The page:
Reflections from 1987: Sanctuary vs. Imperialism

The ongoing flow of migrants from Central America to the United States has its roots in the US-sponsored wars in the region during the 1980s, as detailed in this article from the January 1987 issue of the Socialist by Todd LeFurge, an activist with the DC Committee in Solidarity with the People of El Salvador (CISPES). The destruction perpetrated during those conflicts caused misery in the region that still drives people to migrate for better lives or, frequently, to save their lives. The efforts during that time to establish the District of Columbia as a Sanctuary City — a campaign backed by the local DSA chapter — bore fruit with a declaration by then-Mayor Marion Barry that was strengthened by subsequent administrations. Largely in response to President Trump’s brutal anti-immigrant policies, the DC government stepped up its defense of migrants in 2017 and afterward, including providing legal aid and assistance with asylum applications.

- Bill Mosley

There’s a firm linkage between the campaign against civilian populations in Central America by US-trained agents of repression and the swelling refugee population in Washington, DC.

One-sixth of DC’s population is now made up of Salvadoran refugees from the savage war of oppression that has displaced 30 percent of that country’s people. Because the Immigration and Naturalization Service and other agencies located here consistently argue that our 100,000 Salvadoran brothers and sisters here in his city are “economic refugees,” local human rights and solidarity organizations are launching a campaign to counter that disinformation and instead make DC a Sanctuary City.

The DC Committee in Solidarity with the People of El Salvador (CISPES) and the DC Sanctuary City Committee are working to broaden public knowledge of our Salvadoran sisters’ and brothers’ desperate plight — here and elsewhere — and the deep roots of that plight in systematic US imperialist policy of supporting antidemocratic repression and training the forces that are the agents of that repression and brutality.

The systematic nature of the brutality and its linkage to concrete US policy are well documented:

  • The CIA and Green Berets organized, trained and sustained (including with arms) the death squads, including ORDEN’s [Organización Democrática Nacionalista — eds.] 10,000 members led by General Medrano, who traced the organization back to the State Department of the Kennedy era (see The Progressive, May 1984). A Special Forces general, according to McClintock’s book The American Connection, spoke in now-declassified documents of training “a civil and military structure” to carry out “terrorist activities against known communist proponents.” When the CIA definition of “communist” includes the elected leaders of Guatemala in 1954, Brazil in 1964 and Chile in 1973, it’s clear that reduction of infant mortality, land reform and defense of human rights are all grounds for being targeted by death squads.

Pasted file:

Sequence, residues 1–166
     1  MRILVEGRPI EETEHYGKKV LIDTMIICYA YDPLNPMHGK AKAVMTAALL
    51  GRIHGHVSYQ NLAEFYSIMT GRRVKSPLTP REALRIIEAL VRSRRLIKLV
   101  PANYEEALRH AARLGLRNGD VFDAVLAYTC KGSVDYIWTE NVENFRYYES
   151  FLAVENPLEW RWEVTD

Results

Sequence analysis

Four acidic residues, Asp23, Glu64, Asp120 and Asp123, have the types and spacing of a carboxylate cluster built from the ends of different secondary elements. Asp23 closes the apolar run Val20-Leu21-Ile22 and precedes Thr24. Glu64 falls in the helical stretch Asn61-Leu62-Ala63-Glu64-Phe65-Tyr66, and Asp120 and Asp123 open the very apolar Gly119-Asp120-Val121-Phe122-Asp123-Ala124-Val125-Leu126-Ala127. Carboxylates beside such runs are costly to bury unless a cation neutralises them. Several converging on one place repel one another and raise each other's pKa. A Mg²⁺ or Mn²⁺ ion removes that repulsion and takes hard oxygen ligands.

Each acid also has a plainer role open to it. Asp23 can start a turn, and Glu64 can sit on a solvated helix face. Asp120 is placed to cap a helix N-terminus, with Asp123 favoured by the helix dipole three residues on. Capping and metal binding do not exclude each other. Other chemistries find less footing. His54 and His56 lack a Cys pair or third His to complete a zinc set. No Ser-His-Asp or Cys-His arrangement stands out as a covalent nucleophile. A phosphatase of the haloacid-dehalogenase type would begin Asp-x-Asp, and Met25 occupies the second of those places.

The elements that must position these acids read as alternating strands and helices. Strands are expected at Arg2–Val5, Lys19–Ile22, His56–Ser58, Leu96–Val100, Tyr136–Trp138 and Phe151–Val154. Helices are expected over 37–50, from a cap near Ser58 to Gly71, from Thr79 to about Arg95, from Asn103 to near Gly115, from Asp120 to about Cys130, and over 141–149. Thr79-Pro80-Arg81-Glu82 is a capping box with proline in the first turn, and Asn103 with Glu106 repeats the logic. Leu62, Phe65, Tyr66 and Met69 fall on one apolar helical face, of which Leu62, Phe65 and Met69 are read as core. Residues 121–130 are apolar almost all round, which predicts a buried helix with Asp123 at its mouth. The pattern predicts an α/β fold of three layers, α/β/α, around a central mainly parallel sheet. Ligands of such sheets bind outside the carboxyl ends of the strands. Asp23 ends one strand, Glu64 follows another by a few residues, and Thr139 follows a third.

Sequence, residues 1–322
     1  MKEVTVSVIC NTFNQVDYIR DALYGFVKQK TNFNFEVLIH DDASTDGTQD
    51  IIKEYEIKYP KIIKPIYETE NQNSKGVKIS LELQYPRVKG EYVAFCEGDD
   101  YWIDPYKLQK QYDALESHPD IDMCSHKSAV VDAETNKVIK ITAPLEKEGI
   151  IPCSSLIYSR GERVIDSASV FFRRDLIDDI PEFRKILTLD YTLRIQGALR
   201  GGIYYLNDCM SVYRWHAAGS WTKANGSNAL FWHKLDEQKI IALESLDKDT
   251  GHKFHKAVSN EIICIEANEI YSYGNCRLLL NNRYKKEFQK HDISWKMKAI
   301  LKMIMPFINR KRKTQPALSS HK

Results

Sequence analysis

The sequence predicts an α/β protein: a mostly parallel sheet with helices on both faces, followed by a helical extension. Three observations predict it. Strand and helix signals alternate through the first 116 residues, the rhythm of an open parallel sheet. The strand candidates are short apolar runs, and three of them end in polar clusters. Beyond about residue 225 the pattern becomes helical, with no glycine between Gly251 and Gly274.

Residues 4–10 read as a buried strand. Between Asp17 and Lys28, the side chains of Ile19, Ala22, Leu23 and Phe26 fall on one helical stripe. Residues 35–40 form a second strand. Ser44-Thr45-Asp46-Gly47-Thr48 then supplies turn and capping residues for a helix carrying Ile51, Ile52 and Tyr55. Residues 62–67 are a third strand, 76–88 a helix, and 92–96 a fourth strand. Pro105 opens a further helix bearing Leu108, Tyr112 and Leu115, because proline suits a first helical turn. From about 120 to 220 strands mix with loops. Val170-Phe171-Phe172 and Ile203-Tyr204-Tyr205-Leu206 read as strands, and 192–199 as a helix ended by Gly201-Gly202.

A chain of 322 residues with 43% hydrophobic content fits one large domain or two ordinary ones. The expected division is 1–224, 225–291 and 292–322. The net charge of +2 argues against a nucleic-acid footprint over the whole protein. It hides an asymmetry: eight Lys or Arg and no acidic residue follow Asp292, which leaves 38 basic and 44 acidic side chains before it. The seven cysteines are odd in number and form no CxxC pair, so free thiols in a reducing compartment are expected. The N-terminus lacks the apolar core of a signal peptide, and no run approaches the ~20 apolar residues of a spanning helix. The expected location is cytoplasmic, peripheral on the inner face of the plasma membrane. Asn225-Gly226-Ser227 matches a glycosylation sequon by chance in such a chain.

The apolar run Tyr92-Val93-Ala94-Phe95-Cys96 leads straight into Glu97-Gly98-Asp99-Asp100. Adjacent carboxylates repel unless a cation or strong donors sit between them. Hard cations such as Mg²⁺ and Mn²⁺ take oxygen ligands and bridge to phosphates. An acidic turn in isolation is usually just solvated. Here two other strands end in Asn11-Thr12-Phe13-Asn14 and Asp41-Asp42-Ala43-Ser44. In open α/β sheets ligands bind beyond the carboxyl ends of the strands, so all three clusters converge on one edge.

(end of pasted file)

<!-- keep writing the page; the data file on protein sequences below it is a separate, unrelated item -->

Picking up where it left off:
• The military in El Salvador attempts to “drain the sea” of civilian support for popular insurgencies through bombing campaigns, scorched-earth sweeps and individual murders.
  • US spy planes radio the positions of groups of people detected through infra-red technology to NORAD, which turns that information over to the US-trained-and-supplied Salvadoran air forces for bombing raids. Many of the 60,000 persons killed in El Salvador since 1979 have been victims of aerial bombing.
  • Dr. Charlie Clements, who furnished in his writings and in the movie Witness to War exhaustive accounts of bombing raids against civilian populations, also overheard US advisors directing a “scorched-earth” sweep in El Salvador. The sweeps murdered individual civilians and flushed whole populations out of liberated zones. Over 30% are displaced, 1.3 million to the utter misery of squalid refugee camps. America’s Watch, the human rights organization, documented many cases like that of the man from the village of Aguacayo, near the Guazapa volcano, whose grandfather was murdered. “They decapitated him and put his head on the table,” he reported.

There is a direct connection between thissystematic terror carried out as a result of US policy and the crowded miseryof the Salvadoran and Guatemalan refugees in DC who nonetheless countthemselves as the lucky ones compared to those in the camps in their homelands.They are five to an apartment, maybe 30 to a house.

But the situation is not at all hopeless. The establishment of the District of Columbia — the home of the State Department and the INS — as a Sanctuary City would be the focus of a human rights network here and around the country that would take other concrete, positive actions. Telegrams and letters could respond in a timely way to specific instances of human rights abuses. The network and its supporters could also send humanitarian aid directly to progressive organizations for food production and clinics. In conjunction with supporting those organizations, we would be strengthening pressure for negotiations aimed at opening up the wrecked Salvadoran countryside for more work by those organizations, demonstrating alternatives and organizing people.

Establishment of DC, the national capital, as a Sanctuary City would force the media to take notice, thereby supporting the sanctuary movement nationally.  Through church presentations, which are the heart of our sanctuary campaign, we can greatly expand opposition in the churches locally. We rarely have openings to the churches and the media as we have in this campaign, and this adds to the appropriateness of the work and the need for progressive people’s support.

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